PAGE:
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IoT devices represent a security risk when working from home


The global Internet of Things (IoT) market is predicted to reach well over $1 trillion by 2026. As in so many domains, the Covid pandemic has accelerated digital adoption, with IoT solutions deployed in areas such as healthcare to allow for continuous monitoring of Covid patients.

The lack of human intervention required to operate was a distinct plus in such a use case, and IoT networks allow businesses to find new ways to create value, whether through creating new revenue streams or even new business models entirely.

With this growth comes risk, however, and in How to Stay Smart in a Smart World, Gerd Gigerenzer, Director of the Harding Center for Risk Literacy at the University of Potsdam, highlights how the smart home is arguably the biggest cybersecurity risk we face today because of the massively increased landscape for cybercriminals to target.

Vulnerable entry points

A new paper from Palo Alto Networks highlights the scale of the challenge. The company surveyed 1,900 IT decision-makers from 18 countries, including the Netherlands, United Kingdom, Germany, Japan, and Australia, and found that 78% had seen a significant increase in the number of non-business IoT devices on their corporate networks in the past 12 months.

These devices cover the weird and wonderful, including coffee machines, heart rate monitors, pet feeders, and gym equipment, all of which provide cybercriminals with a possible point of access to a network. The respondents highlighted the crucial need to improve security measures to ensure that these non-business devices aren’t compromising the overall security of corporate networks. This is especially so in a year in which remote working has increased significantly, and therefore the reliability of workers’ home IT networks has been a factor in the overall security of corporate networks.

“Remote workers need to be aware that IoT devices could be compromised and used to move laterally to access their work devices if they’re both using the same home router, which in turn could allow attackers to move onto corporate systems,” the report explains. “Everything using the same Wi-Fi network creates more risk, whether in a living room or at a coffee shop.”

Security needs

The respondents revealed a pressing need for security improvements across the board, but especially in areas such as risk assessment, threat protection, device visibility, and device context for security teams.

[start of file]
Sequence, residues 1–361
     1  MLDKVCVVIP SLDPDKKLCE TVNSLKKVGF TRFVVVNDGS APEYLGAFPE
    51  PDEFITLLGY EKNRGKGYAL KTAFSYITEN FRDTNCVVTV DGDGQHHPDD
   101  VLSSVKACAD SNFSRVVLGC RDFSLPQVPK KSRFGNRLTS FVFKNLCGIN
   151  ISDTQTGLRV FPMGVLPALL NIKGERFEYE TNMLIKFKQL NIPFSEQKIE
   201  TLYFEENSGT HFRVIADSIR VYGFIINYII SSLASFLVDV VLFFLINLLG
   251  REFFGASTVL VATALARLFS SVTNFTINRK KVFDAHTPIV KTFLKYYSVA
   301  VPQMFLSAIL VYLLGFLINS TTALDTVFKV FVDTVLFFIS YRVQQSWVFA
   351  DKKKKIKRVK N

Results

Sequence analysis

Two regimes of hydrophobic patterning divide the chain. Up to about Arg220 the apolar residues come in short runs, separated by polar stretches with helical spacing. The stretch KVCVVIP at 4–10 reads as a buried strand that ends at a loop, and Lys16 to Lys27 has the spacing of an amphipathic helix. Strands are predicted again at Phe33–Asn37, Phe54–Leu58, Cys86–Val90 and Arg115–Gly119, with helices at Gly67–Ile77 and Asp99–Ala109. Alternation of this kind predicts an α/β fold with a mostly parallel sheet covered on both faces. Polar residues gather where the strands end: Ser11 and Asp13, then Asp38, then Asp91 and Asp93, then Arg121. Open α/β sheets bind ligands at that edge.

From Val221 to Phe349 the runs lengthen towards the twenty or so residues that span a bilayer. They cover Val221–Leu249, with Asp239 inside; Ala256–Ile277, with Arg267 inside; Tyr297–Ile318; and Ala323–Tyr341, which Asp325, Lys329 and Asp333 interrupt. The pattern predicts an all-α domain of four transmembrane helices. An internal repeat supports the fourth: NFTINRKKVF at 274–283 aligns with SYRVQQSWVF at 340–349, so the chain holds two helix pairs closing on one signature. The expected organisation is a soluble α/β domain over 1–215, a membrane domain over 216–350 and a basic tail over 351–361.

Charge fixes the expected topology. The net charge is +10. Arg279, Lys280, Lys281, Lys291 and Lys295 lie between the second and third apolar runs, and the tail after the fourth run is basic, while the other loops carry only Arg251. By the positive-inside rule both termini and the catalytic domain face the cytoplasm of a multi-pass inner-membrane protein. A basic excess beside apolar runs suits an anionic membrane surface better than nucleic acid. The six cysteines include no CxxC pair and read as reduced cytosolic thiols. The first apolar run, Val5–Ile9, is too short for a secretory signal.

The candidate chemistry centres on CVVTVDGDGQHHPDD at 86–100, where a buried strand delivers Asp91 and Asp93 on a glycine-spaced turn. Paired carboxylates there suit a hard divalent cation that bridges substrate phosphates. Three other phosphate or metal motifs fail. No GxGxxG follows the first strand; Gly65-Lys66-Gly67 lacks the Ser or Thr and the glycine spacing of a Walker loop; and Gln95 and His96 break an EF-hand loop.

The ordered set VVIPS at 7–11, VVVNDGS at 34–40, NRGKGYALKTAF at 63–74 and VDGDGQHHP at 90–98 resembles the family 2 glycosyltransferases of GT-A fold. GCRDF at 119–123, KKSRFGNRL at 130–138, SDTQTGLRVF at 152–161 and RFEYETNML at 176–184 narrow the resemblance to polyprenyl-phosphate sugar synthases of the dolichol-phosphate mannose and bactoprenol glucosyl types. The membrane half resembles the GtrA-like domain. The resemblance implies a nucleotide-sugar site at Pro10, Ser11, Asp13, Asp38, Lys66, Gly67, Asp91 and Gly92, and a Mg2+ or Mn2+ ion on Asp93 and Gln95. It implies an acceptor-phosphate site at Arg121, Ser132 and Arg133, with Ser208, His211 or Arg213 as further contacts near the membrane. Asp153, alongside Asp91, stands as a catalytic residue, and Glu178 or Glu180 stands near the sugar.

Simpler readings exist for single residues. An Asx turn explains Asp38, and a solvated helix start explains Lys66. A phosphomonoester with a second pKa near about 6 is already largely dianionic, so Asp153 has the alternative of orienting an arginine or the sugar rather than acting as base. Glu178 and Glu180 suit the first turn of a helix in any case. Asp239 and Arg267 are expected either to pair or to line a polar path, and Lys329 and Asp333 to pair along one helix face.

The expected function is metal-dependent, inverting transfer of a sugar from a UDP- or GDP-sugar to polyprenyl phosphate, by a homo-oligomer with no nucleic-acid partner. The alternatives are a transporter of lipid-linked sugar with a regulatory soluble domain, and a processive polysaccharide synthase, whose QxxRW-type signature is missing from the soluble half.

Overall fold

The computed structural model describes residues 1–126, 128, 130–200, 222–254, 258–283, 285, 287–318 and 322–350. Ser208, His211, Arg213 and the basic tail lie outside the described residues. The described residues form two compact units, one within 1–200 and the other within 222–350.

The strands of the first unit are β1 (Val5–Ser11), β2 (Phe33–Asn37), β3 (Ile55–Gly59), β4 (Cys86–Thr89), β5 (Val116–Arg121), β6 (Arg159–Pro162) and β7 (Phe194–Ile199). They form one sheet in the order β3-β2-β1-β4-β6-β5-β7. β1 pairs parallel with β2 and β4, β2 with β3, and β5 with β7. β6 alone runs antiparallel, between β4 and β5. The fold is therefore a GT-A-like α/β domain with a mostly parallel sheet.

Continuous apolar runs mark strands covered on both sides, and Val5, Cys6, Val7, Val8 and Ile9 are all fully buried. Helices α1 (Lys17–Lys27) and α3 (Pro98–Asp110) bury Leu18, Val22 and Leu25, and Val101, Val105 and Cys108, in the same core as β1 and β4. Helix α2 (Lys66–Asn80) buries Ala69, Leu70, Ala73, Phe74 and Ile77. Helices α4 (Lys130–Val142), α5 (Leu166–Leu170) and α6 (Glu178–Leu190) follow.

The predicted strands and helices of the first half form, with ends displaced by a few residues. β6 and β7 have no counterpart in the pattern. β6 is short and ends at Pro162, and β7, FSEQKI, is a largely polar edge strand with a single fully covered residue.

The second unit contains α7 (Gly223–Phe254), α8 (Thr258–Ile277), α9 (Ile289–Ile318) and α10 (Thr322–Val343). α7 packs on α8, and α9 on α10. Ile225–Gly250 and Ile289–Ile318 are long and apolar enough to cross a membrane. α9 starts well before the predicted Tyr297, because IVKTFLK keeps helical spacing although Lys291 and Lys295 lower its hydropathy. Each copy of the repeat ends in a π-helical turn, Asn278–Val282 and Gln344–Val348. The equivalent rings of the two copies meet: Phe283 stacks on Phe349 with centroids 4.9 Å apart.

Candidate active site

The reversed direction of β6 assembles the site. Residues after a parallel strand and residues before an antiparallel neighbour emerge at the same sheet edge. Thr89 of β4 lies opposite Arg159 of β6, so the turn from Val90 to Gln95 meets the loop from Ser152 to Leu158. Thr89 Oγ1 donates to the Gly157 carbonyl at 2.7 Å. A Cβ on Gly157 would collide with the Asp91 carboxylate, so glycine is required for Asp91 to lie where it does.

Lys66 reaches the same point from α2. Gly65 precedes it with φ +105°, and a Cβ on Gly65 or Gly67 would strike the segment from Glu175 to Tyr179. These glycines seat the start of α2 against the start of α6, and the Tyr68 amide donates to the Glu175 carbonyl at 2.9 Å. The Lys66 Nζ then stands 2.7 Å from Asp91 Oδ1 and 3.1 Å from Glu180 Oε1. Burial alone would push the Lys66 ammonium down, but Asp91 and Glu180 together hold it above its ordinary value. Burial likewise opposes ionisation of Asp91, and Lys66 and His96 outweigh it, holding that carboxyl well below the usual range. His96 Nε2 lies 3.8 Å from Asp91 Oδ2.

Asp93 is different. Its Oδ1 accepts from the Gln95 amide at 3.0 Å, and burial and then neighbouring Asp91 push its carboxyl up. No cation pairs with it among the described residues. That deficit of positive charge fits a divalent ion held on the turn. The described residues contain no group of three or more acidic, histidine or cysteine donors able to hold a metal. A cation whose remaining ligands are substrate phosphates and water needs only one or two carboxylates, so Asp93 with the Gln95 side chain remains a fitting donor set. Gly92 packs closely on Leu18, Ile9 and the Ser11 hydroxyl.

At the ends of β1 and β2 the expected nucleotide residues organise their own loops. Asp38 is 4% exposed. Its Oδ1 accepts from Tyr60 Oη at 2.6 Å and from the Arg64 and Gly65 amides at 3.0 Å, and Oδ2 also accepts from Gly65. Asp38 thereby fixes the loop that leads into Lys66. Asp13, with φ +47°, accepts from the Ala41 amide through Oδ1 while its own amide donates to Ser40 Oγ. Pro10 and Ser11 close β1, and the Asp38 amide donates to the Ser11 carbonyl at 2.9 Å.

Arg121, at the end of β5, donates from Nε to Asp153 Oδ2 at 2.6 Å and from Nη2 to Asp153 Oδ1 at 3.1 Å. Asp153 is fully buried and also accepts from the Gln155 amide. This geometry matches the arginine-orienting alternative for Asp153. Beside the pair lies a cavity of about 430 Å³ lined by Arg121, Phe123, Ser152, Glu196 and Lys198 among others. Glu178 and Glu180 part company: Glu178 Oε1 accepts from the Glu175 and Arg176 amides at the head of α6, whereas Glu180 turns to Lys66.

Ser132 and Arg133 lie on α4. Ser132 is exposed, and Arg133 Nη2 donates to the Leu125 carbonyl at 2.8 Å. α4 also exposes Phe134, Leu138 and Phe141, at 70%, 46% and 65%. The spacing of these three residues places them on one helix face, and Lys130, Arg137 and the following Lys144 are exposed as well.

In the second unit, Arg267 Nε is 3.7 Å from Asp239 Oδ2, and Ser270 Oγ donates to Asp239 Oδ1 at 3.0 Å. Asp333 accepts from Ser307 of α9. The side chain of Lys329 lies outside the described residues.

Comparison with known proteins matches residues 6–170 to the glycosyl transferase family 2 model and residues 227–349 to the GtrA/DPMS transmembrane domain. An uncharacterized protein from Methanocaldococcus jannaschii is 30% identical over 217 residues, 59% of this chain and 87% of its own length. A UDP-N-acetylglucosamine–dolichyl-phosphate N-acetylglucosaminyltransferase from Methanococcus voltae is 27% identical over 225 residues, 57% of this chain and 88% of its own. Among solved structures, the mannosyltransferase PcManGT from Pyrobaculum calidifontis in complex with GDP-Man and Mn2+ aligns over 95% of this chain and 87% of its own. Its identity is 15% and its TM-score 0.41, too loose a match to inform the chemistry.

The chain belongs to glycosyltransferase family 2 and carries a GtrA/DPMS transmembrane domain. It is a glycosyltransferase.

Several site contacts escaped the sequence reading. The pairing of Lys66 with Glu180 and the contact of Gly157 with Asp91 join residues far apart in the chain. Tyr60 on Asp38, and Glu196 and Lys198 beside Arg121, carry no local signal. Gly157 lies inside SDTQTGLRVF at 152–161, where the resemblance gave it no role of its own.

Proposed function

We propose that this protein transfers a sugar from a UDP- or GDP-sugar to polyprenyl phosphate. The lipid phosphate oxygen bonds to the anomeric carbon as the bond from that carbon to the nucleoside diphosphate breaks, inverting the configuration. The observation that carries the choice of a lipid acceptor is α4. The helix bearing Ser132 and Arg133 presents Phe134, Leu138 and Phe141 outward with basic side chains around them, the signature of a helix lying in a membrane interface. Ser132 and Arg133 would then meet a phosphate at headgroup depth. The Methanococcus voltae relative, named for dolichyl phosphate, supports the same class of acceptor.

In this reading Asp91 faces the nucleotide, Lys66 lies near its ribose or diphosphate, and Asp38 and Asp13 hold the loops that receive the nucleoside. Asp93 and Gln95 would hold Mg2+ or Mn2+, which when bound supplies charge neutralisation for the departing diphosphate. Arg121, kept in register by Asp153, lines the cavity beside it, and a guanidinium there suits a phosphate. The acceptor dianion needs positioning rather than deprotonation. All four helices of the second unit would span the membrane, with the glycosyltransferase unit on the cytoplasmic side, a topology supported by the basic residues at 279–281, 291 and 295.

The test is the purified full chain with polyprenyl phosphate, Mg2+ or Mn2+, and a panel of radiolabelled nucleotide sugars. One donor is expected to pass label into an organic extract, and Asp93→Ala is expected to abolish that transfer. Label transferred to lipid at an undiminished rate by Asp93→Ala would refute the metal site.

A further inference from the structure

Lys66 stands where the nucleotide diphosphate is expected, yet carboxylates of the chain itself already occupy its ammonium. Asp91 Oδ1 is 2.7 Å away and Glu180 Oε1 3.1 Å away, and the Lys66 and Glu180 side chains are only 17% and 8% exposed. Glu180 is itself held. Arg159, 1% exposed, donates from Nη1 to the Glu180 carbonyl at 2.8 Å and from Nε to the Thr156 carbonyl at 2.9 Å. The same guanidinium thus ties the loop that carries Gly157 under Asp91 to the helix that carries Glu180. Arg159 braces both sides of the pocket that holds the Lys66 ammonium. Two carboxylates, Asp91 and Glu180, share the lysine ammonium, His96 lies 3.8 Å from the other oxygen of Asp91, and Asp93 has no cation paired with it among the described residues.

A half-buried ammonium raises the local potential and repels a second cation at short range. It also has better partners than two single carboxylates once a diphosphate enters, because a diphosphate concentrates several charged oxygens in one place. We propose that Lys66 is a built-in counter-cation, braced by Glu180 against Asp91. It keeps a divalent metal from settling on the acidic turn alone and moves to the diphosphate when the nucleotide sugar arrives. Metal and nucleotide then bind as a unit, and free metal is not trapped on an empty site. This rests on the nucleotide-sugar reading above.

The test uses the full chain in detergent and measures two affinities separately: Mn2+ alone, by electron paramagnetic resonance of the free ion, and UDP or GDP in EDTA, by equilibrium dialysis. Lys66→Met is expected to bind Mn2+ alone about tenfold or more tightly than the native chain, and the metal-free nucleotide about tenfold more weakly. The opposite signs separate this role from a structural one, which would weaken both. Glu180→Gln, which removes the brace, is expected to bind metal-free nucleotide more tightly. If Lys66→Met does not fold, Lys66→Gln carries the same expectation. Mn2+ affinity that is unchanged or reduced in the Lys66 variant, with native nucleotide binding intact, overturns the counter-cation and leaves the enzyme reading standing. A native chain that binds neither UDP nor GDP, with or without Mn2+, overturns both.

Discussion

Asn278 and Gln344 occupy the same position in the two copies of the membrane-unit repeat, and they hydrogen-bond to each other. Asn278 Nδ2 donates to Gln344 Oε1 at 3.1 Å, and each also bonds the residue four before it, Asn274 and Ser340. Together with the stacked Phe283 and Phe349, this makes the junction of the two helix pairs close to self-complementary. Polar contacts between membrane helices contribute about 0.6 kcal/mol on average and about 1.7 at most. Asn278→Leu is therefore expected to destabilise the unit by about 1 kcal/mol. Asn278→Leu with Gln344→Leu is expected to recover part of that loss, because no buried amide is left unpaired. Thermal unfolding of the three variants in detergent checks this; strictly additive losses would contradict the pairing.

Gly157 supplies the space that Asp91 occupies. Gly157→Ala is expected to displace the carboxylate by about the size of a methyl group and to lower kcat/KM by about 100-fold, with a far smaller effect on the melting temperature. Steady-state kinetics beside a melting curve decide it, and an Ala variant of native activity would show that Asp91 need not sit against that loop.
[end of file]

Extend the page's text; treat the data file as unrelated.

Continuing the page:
"IoT adoption has become a critical business enabler. It presents new security challenges that can only be met if employees and employers share responsibility for protecting networks," Palo Alto Networks say. "Remote workers need to be aware of devices at home that may connect to corporate networks via their home router. Enterprises need to better monitor threats and access to networks and create a level of segmentation to safeguard remote employees and the organization's most valuable assets."

The use of some IoT devices points to how they can be used securely. Just over half of respondents said that their IoT devices were segmented on a distinct network from the network used for their primary business devices, with a further quarter saying that their IoT devices were particularly micro-segmented within specific security zones. This is considered best practice across the industry as it allows organizations to keep IoT devices separate from other IT devices and prevent hackers from exploiting weak links in a network to then move laterally within the network.

Tips for working from home

With remote working expected to feature heavily in a future of work that has hybrid working at the forefront, it’s vital that employees better understand how to keep their personal and professional networks safe from cyberattack. The report includes a number of tips on how employees can do that.

The first of these is to better understand the router that is likely to act as the hub through which all of your IoT devices will connect to the internet. A good first step is to make sure that the default password on the router is changed, before then boosting the encryption on your network by utilizing either WPA2 Personal or WPA3 Personal.

The researchers also recommend employees keep better track of the various devices that are currently connected. The router is a great way to do this and will have a list of all devices that are currently connected to it, as well as listing any DHCP clients and wireless clients. This will allow employees to disable remote management on any devices where it isn’t needed, which will also boost the security of the network.

Employees should also ensure that their devices are kept up to date with any security updates provided by the manufacturers. Too often, we overlook this incredibly basic step and leave ourselves more vulnerable than we need to. We should also introduce two-factor authentication on any device that utilizes it.

Last but not least, employees should look into segmenting their home network. This can be done by creating a guest Wi-Fi network, with all IoT devices then placed onto this network, with more work-critical devices using the main network. This will limit the damage caused by any security vulnerabilities in your IoT devices.

If remote working is to become a feature of the future of work, then it’s important that IT managers and employees better understand the security implications and take relatively straightforward steps to protect themselves from attack.



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